MB Report: Three Economic Myths about Ageing: Participation, Immigration and Infrastructure

By Leith van Onselen

Dr Cameron Murray and I were commissioned by Sustainable Australia’s Victorian party branch to examine the causes and implications of population ageing in Australia, and whether maintaining a high immigration program is a worthwhile policy response. Below are the Overview, Executive Summary and Key Findings from our report:

Overview

Population ageing due to longevity is one of the greatest successes of the modern era. However, it is widely thought to dramatically reduce workforce participation and overall output resulting in significant economic costs.

This widely held view is wrong. Ageing countries have higher economic growth and the improved health and longevity of older people increases their economic contributions.

High immigration is also thought to combat population ageing and be a remedy for these non-existent costs of ageing.

This is wrong. Low immigration can affect the age structure by helping to stabilise the population, but high immigration has almost no long-run effect besides increasing the total population level. This creates bigger problems in the future.

It is also widely thought that simply investing in infrastructure will accommodate high immigration and population growth at little cost.

This too is wrong.

Diseconomies of scale are a feature of rapid infrastructure expansion due to (1) the need to retrofit built-up cities, (2) the dilution of irreplaceable natural resources, and (3) the scale of investment relative to the stock of infrastructure.

This ageing-immigration-infrastructure story is wrong on all three of its major points. Population ageing should be seen as the successful result of improvements in medical and health practices that have improved longevity and fostered a long-lived and economically productive society.

Executive Summary

Key Research Findings

  • Population ageing is a successful result of efforts to improve longevity.
  • Countries with older populations maintain high workforce participation, are more productive, and grow faster economically.
  • Ageing does not lower workforce participation in general. Since 2012 there have been more full-time workers aged over 65 than under 20.
  • Low net immigration of between 50-80,000 permanent migrants per year can alter the age structure over the long-term by stabilising the population.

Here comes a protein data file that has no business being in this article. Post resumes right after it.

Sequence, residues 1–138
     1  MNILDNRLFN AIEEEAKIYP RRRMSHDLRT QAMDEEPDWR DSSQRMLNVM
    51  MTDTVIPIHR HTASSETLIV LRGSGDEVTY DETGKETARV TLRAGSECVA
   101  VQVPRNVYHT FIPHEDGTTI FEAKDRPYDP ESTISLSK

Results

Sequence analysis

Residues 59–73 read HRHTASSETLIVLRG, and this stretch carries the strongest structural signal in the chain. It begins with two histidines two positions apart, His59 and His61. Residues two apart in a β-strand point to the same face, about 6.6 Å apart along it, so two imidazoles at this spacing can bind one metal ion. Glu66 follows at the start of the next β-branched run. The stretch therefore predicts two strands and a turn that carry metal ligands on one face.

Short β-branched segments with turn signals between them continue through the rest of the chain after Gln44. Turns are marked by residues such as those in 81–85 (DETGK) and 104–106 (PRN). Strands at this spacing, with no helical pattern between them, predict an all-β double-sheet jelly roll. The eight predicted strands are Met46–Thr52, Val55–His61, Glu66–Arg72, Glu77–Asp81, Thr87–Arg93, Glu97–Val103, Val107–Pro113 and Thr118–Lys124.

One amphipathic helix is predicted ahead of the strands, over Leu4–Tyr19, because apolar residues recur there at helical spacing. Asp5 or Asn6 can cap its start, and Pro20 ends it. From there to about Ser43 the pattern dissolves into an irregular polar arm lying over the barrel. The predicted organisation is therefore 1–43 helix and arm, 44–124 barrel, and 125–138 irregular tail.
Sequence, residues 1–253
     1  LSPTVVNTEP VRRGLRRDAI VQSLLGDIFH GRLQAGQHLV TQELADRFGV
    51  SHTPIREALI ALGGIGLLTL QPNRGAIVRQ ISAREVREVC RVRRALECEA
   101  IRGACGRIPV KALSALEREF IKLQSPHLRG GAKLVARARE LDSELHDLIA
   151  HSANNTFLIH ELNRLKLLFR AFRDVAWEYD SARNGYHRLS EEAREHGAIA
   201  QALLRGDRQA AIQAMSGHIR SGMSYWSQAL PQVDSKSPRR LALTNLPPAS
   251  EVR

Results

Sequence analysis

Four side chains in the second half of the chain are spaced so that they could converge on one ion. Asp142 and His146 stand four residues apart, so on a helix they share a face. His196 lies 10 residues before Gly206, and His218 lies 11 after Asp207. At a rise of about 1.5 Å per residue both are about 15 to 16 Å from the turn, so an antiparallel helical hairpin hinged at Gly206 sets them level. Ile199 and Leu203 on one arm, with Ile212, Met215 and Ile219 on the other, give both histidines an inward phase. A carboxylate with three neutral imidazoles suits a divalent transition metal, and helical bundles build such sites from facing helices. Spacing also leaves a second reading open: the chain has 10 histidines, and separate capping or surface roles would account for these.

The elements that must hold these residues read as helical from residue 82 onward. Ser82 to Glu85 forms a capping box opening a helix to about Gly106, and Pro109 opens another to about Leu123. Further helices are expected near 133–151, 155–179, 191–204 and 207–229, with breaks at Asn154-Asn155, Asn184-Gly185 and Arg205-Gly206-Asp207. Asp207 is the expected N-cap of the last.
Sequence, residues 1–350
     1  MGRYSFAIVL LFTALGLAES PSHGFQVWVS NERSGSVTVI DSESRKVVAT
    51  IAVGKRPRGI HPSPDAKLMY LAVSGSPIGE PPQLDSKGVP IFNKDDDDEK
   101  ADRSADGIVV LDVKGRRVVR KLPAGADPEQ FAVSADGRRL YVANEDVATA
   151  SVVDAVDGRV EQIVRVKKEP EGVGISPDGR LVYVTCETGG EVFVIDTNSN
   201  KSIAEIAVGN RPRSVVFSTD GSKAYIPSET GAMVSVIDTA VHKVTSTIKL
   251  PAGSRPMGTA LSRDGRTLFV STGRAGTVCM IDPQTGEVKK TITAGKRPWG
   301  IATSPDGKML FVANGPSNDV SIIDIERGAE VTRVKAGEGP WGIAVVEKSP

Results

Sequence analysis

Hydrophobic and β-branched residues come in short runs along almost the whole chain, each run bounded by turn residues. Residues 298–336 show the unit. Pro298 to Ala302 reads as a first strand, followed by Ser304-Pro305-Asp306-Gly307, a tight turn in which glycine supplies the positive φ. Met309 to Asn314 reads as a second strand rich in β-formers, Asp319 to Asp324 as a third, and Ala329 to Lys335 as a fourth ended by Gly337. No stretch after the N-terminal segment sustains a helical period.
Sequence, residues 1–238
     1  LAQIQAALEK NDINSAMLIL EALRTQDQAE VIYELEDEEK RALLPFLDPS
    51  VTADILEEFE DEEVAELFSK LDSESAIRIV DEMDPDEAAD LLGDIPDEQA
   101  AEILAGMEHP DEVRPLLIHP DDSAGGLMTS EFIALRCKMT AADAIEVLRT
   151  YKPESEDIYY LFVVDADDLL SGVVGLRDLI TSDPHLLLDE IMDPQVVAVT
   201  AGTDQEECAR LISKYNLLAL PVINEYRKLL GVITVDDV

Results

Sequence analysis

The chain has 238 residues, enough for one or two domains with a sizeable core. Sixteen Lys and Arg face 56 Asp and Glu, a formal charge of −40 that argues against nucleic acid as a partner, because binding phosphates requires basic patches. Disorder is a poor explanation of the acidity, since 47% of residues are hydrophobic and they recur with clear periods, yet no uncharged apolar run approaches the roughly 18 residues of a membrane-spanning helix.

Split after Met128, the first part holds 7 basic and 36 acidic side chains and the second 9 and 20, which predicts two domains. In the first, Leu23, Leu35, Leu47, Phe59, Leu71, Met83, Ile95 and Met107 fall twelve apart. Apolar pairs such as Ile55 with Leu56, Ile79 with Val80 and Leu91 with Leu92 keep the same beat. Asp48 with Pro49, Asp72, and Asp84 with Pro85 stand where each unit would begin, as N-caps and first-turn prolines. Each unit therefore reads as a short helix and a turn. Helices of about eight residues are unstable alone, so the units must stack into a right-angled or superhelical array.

• Low net immigration increases GDP per capita and wage growth.
  • High net immigration above this 50-80,000 amount has almost no additional effect on changing the age structure and simply increases the total population.
  • Most of the increase in permanent migration since the early 2000s has been through the skilled migration program.
  • This program primarily benefits the migrants themselves and increases wage competition for other workers.
  • A focus on skilled immigration fosters a “brain drain” from developing countries, reducing human welfare.
  • There is a real economic cost to high population growth due to the diseconomies of scale inherent in rapid infrastructure expansion.
  • There is a real cost from environmental degradation due to development to accommodate much higher populations.
  • The high costs of population growth are often ignored, as immigration policy is a federal matter, while infrastructure provision is predominantly a state and council matter.
  • Population growth in general dilutes ownership of our environmental endowments, mineral wealth, fisheries, wildlife, and national parks.
  • The political capital and resource devoted to managing high growth have an opportunity cost in terms of solving other social problems such as homelessness, indigenous disadvantage, mental health, and other social services.

Policy Recommendations:

  • Reframe ageing as the economic success story that it is.
  • Reframe immigration as an environmental and ethical choice, not an economic necessity.
  • Lower overall net immigration to the 50-80,000 range by mainly targeting skilled visas. This can largely be achieved by increasing the minimum salary for skilled migrants to 150% of the average full-time salary, or $129,900. This desirable net immigration range can be achieved while having a slightly higher permanent intake of around 80-90,000 per year, as permanent departures will reduce the net effect while still maintaining the optimal target range.
  • Adopt systems for infrastructure planning and provision that clarify the expected cost of new public and essential services, and ensure upgrades keep pace with city growth for the benefit of existing and new residents.

The Full report is downloadable here.

Comments

  1. I like the front bits of the report and will read the full thing in due course.

    Hopefully this report can also help refocus the SAP on the macro population issuers rather than the micro-NIMBY-bandicoot saving-shenanigans that they’ve recently drifted towards.

      • Yeah, nah. They’ve won elections ….and started proselytising about numbats and bike lanes and crap.

      • CanuckDownUnder

        Preface: I’m an SAP party member.